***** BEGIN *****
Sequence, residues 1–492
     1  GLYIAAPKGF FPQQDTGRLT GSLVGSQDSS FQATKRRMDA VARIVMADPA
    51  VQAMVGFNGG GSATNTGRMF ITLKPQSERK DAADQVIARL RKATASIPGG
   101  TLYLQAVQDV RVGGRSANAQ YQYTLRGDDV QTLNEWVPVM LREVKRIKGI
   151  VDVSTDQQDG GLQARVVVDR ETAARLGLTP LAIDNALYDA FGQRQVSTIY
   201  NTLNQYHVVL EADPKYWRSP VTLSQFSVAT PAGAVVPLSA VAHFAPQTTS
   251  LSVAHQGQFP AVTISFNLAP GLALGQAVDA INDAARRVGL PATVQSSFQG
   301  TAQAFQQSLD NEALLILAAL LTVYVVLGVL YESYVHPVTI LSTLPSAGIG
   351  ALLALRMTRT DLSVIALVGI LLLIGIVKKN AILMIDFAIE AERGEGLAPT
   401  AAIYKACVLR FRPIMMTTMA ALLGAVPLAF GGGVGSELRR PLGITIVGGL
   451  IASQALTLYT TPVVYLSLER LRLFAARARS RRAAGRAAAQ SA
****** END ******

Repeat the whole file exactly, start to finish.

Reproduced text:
Sequence, residues 1–492
     1  GLYIAAPKGF FPQQDTGRLT GSLVGSQDSS FQATKRRMDA VARIVMADPA
    51  VQAMVGFNGG GSATNTGRMF ITLKPQSERK DAADQVIARL RKATASIPGG
   101  TLYLQAVQDV RVGGRSANAQ YQYTLRGDDV QTLNEWVPVM LREVKRIKGI
   151  VDVSTDQQDG GLQARVVVDR ETAARLGLTP LAIDNALYDA FGQRQVSTIY
   201  NTLNQYHVVL EADPKYWRSP VTLSQFSVAT PAGAVVPLSA VAHFAPQTTS
   251  LSVAHQGQFP AVTISFNLAP GLALGQAVDA INDAARRVGL PATVQSSFQG
   301  TAQAFQQSLD NEALLILAAL LTVYVVLGVL YESYVHPVTI LSTLPSAGIG
   351  ALLALRMTRT DLSVIALVGI LLLIGIVKKN AILMIDFAIE AERGEGLAPT
   401  AAIYKACVLR FRPIMMTTMA ALLGAVPLAF GGGVGSELRR PLGITIVGGL
   451  IASQALTLYT TPVVYLSLER LRLFAARARS RRAAGRAAAQ SA